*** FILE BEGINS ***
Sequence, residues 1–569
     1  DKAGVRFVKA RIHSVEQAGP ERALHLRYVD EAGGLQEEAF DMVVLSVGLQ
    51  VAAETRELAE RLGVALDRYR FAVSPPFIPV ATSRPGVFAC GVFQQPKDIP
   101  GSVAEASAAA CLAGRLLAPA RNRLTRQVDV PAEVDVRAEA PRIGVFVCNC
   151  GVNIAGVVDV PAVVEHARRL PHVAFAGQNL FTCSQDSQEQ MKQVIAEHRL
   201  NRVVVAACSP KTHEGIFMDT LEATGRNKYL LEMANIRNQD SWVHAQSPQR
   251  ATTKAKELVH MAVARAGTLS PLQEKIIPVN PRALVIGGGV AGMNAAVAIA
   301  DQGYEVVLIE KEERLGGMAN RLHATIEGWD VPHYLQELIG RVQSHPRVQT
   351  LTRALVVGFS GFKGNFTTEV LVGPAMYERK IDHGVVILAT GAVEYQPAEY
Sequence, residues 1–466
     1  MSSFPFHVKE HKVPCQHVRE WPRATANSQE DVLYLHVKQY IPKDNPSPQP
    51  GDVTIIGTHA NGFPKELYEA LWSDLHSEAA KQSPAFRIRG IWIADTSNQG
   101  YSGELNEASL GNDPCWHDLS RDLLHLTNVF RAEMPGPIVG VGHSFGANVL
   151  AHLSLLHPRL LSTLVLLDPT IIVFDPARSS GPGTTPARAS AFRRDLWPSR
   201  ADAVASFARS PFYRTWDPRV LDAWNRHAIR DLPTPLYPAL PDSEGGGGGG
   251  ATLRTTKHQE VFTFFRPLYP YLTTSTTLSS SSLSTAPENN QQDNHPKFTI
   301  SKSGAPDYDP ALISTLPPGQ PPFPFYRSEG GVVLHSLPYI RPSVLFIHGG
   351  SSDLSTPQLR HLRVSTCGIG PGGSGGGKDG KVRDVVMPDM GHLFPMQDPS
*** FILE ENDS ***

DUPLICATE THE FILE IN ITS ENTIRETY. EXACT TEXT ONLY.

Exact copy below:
Sequence, residues 1–569
     1  DKAGVRFVKA RIHSVEQAGP ERALHLRYVD EAGGLQEEAF DMVVLSVGLQ
    51  VAAETRELAE RLGVALDRYR FAVSPPFIPV ATSRPGVFAC GVFQQPKDIP
   101  GSVAEASAAA CLAGRLLAPA RNRLTRQVDV PAEVDVRAEA PRIGVFVCNC
   151  GVNIAGVVDV PAVVEHARRL PHVAFAGQNL FTCSQDSQEQ MKQVIAEHRL
   201  NRVVVAACSP KTHEGIFMDT LEATGRNKYL LEMANIRNQD SWVHAQSPQR
   251  ATTKAKELVH MAVARAGTLS PLQEKIIPVN PRALVIGGGV AGMNAAVAIA
   301  DQGYEVVLIE KEERLGGMAN RLHATIEGWD VPHYLQELIG RVQSHPRVQT
   351  LTRALVVGFS GFKGNFTTEV LVGPAMYERK IDHGVVILAT GAVEYQPAEY
Sequence, residues 1–466
     1  MSSFPFHVKE HKVPCQHVRE WPRATANSQE DVLYLHVKQY IPKDNPSPQP
    51  GDVTIIGTHA NGFPKELYEA LWSDLHSEAA KQSPAFRIRG IWIADTSNQG
   101  YSGELNEASL GNDPCWHDLS RDLLHLTNVF RAEMPGPIVG VGHSFGANVL
   151  AHLSLLHPRL LSTLVLLDPT IIVFDPARSS GPGTTPARAS AFRRDLWPSR
   201  ADAVASFARS PFYRTWDPRV LDAWNRHAIR DLPTPLYPAL PDSEGGGGGG
   251  ATLRTTKHQE VFTFFRPLYP YLTTSTTLSS SSLSTAPENN QQDNHPKFTI
   301  SKSGAPDYDP ALISTLPPGQ PPFPFYRSEG GVVLHSLPYI RPSVLFIHGG
   351  SSDLSTPQLR HLRVSTCGIG PGGSGGGKDG KVRDVVMPDM GHLFPMQDPS